Chronic Illness – Our Support Process
What kind of guidance do we provide? It’s a very collaborative process and unique to each client, but here are some of the topics we explore!
What kind of support do you need in your life? Often, when people with chronic illness are asked about their support network, they report having a lot of support around them. However, when asked if they use the support or if it is the type of support they want, we learn they are not supported in the way they want to be supported. So we often explore what they actually want and need and how to communicate this to their support network.
For example, if a client lives with Celiac disease and finds it difficult to eat out with friends, the client could suggest a restaurant to their friends where they can have a gluten-free meal that they enjoy. It may take practice to open up about what makes life a bit easier with chronic illness. This brings us to our next topic!
There is really no tool more important in the toolbox of someone who lives with chronic illness. They must learn to assert themselves in their personal life, the professional world, and the healthcare system. What is assertiveness? It is clear, direct communication.
We like to describe it as the sense of “turning towards” others and trying to communicate your thoughts and feelings as clearly as possible. It is NOT aggression, which is when we ‘turn against” others. It helps us avoid repressing thoughts and feelings, which means “turning inwards”. Repression of emotion is a surefire way to build resentment and anger.
There is a lot of shaming about anger in our society, but we recommend seeing anger as a very important and powerful sign that something is wrong and needs to change. Being angry is okay, it’s the actions we take when we are angry that matter. We can process anger without being aggressive or passive-aggressive. Instead, choose clear and direct communication.
For example, a person with diabetes who is working as a cashier, who gets anxious about managing low blood sugars during a long shift, may need to tell their supervisor that they need to have a snack conveniently close by, rather than in the staffroom. If they can share the reasons and open up about why this is important, they can stay calm and grounded. If they bottle it up, then they may not manage their frustration well when they have a hard shift.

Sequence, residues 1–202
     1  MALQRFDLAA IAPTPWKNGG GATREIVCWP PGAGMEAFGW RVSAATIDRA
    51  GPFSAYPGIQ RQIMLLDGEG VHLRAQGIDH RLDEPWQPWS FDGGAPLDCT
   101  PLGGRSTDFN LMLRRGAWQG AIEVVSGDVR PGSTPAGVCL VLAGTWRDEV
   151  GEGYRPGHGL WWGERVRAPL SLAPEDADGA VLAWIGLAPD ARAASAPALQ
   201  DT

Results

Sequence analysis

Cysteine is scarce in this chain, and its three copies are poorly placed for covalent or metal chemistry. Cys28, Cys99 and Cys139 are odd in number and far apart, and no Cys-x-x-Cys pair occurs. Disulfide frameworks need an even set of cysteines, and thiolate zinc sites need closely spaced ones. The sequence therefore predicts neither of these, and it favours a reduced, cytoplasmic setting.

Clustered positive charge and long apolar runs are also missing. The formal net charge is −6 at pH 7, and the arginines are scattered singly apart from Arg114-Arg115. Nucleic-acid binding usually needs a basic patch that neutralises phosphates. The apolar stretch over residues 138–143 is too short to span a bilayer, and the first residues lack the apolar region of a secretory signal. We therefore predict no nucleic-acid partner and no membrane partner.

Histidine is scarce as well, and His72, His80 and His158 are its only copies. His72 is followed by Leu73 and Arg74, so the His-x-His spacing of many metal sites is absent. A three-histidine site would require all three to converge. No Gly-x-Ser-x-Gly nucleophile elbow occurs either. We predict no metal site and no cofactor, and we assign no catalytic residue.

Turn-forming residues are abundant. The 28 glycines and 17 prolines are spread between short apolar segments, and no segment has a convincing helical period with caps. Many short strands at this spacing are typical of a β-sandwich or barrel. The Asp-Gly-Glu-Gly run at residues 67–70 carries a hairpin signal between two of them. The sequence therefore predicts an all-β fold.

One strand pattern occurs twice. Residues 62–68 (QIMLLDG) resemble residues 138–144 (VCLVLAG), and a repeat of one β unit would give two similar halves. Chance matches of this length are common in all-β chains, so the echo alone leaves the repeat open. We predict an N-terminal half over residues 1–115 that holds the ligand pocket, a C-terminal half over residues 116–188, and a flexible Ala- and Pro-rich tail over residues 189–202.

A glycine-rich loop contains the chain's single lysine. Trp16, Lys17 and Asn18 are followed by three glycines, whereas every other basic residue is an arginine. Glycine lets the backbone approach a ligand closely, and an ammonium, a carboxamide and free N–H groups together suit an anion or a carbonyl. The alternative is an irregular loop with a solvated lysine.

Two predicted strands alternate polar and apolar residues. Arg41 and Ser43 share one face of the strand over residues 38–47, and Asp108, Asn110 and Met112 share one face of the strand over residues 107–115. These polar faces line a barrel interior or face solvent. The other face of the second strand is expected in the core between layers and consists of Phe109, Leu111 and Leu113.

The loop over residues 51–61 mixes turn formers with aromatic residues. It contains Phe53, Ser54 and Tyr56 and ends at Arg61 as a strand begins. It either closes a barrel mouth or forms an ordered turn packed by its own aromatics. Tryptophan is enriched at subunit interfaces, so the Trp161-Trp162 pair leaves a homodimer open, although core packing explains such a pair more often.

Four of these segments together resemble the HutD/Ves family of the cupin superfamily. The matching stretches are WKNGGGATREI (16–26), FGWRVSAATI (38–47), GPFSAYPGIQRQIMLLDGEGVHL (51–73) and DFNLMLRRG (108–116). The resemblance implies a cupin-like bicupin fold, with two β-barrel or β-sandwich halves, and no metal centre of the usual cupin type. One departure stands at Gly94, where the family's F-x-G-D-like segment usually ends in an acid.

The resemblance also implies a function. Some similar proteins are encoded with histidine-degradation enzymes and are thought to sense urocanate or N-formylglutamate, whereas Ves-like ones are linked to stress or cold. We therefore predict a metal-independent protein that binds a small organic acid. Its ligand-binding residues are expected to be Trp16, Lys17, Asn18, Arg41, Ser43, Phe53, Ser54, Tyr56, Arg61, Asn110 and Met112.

Practicing self-kindness and self-appreciation are key to living well with chronic illness. We can’t solve all the problems associated with living with chronic conditions, but we can bounce back more quickly from setbacks or difficult moments if we apply kindness to our suffering. Self-appreciation means giving ourselves credit for how we cope. These skills help us to live more peacefully with our disease or illness.
Kristen Neff, one of the founders of the mindful self-compassion approach, describes the “yin and the yang” of self-compassion. The yin is the softer, more gentle side. The yang is the more active and even “fierce” side, with a protective quality. For example, if you find yourself being self-critical after a day of low energy, you can comfort yourself by taking a rest or a warm bath and telling yourself that you deserve this break. On the other hand, using the yang side of self-compassion might mean protective self-talk, such as “I deserve better than that! I don’t need to compare myself to others when I live with my own unique challenges.”
To explore these methods of coping with chronic illness, and learn about others, reach out and contact us today!